2 Notes on time zone added
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The question is about moderating {TeX}, but I think an answer needs to start with the general Stack Exchange model. The approach is that most things can be done by people with sufficiently high reputation (the important lines are 2k and 10k, I think). In particular, members with reputations over 10k get access to most of the tools that the moderators do. The idea is of course that most 'moderation' is actually done without any intervention from Moderators.

We currently have a pretty small number of 10k users, although that will grow over time. At the same time, there are a small number of things that only moderators can do or see. For example, moderators can see people's registered e-mail addresses, and so can try to contact them directly if necessary. So there is a need for moderators to do some tasks.

At the moment, the number of things that have needed moderator attention have been pretty small. A number of these have been 'backing up' comments from others, or deleting 'answers' which are not really answers. The approach the pro tem moderators have taken has been pretty 'light touch', only using the moderator 'powers' sparingly. That's been helped by the rarity of times when they've been needed. I hope that this situation continues after the election.

I'd say that moderating {TeX} should be something that is mainly about being an active member of the community. So if you visit the site most days, answer some questions (perhaps avoiding the 'low-hanging fruit' to allow lower rep. users to answer), edit tags and typos, and comment on questions when appropriate, then you should consider yourself as a potential candidate.


Looking through the election posts given by candidates on other Stack Overflow sites, I see that time zones come up a lot. That's quite interesting mainly because I don't think it will be an issue in the {TeX} moderator election. The approach that's been taken by the pro tem moderators is to check on questions for moderation and in most cases to leave a comment in the first instance. The convention that's been adopted is to first allow the user in question to take action, and only to step in after some time has elapsed. The net result is that 'rapid moderation' is not really needed, and so the fact that all of the pro tem people are in Europe has not been an issue (at least I don't think it has).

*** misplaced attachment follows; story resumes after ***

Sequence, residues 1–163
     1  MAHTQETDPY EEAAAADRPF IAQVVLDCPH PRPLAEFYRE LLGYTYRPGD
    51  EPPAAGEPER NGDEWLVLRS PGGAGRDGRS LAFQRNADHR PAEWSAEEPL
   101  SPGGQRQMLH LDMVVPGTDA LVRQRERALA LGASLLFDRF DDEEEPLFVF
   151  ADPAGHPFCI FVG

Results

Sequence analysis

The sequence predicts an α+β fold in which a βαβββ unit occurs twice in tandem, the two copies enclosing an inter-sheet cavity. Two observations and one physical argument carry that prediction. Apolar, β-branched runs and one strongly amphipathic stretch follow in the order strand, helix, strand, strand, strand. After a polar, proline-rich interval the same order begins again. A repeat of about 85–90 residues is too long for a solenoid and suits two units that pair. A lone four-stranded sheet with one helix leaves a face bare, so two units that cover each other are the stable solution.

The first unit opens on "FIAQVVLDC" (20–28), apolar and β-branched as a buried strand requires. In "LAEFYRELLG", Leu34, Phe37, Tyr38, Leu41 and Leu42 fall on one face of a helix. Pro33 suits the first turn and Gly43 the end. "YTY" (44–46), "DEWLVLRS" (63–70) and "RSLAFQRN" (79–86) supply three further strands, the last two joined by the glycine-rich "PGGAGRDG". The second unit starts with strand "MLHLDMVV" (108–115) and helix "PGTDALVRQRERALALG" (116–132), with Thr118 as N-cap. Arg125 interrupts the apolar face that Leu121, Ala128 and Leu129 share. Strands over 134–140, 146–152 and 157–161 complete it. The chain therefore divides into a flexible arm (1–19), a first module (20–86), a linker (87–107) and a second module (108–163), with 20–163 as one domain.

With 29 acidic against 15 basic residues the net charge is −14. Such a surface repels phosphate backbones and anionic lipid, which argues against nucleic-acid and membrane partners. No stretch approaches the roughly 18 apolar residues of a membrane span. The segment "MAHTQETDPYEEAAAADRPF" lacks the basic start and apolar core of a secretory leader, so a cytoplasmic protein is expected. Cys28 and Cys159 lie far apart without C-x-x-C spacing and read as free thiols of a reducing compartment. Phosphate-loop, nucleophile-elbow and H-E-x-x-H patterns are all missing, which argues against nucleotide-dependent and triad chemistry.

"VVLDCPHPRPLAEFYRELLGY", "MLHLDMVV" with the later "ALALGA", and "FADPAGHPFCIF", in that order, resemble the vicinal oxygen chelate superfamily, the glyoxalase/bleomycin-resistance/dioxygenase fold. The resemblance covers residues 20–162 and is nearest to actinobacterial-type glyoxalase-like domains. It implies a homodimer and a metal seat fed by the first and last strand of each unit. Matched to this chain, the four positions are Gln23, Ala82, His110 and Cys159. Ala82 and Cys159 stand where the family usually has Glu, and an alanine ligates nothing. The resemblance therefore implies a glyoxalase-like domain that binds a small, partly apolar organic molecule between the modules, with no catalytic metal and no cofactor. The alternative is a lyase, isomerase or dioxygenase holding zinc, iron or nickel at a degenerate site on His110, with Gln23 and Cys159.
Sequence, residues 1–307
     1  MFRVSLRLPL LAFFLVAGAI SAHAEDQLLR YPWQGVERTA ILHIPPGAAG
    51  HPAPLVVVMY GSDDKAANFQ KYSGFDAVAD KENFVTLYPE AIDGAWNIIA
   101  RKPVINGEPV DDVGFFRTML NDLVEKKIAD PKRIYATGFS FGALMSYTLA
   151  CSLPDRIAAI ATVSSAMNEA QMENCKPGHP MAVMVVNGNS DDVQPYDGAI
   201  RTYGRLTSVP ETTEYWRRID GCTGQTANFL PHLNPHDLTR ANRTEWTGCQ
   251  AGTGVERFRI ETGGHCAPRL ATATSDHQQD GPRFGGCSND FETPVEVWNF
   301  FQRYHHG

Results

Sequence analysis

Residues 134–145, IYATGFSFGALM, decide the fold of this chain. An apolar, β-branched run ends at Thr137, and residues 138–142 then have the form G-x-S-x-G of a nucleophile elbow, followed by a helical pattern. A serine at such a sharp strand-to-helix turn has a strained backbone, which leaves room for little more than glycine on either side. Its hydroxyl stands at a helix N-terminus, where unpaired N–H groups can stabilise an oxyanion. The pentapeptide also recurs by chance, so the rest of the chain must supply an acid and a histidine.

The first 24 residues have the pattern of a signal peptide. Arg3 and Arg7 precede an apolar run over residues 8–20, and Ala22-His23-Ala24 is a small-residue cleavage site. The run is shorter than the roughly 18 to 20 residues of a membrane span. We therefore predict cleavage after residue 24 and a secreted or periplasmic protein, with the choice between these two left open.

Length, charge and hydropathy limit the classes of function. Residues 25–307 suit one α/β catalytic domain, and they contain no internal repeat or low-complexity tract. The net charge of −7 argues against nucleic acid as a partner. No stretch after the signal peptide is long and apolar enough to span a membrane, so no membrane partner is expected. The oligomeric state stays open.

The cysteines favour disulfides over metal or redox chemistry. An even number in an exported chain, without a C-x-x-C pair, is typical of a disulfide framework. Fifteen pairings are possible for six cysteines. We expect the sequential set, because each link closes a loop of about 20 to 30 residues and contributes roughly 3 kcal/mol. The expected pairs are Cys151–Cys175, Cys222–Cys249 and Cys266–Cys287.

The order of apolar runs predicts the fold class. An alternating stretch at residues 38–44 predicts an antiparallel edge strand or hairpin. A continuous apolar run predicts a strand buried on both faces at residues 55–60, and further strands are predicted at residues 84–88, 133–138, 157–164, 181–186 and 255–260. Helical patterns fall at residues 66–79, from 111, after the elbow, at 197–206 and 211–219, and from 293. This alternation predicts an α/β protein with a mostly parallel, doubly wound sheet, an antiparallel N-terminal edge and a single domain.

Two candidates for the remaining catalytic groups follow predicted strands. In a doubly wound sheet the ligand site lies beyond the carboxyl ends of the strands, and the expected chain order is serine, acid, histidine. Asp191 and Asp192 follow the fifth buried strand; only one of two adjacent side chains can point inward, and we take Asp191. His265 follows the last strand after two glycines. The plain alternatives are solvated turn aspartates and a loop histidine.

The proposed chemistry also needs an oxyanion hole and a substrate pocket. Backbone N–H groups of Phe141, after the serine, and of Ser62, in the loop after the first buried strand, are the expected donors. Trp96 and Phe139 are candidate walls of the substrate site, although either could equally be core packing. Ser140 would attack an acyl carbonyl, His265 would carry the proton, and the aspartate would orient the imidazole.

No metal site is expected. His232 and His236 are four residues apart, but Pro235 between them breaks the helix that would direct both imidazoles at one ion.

The question is about moderating {TeX}, but I think an answer needs to start with the general Stack Exchange model. The approach is that most things can be done by people with sufficiently high reputation (the important lines are 2k and 10k, I think). In particular, members with reputations over 10k get access to most of the tools that the moderators do. The idea is of course that most 'moderation' is actually done without any intervention from Moderators.

We currently have a pretty small number of 10k users, although that will grow over time. At the same time, there are a small number of things that only moderators can do or see. For example, moderators can see people's registered e-mail addresses, and so can try to contact them directly if necessary. So there is a need for moderators to do some tasks.

At the moment, the number of things that have needed moderator attention have been pretty small. A number of these have been 'backing up' comments from others, or deleting 'answers' which are not really answers. The approach the pro tem moderators have taken has been pretty 'light touch', only using the moderator 'powers' sparingly. That's been helped by the rarity of times when they've been needed. I hope that this situation continues after the election.

I'd say that moderating {TeX} should be something that is mainly about being an active member of the community. So if you visit the site most days, answer some questions (perhaps avoiding the 'low-hanging fruit' to allow lower rep. users to answer), edit tags and typos, and comment on questions when appropriate, then you should consider yourself as a potential candidate.